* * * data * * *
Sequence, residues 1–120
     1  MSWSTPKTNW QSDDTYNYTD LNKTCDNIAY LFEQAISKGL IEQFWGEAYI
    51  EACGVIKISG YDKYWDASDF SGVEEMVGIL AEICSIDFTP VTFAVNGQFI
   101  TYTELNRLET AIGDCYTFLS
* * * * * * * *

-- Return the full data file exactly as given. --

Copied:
Sequence, residues 1–120
     1  MSWSTPKTNW QSDDTYNYTD LNKTCDNIAY LFEQAISKGL IEQFWGEAYI
    51  EACGVIKISG YDKYWDASDF SGVEEMVGIL AEICSIDFTP VTFAVNGQFI
   101  TYTELNRLET AIGDCYTFLS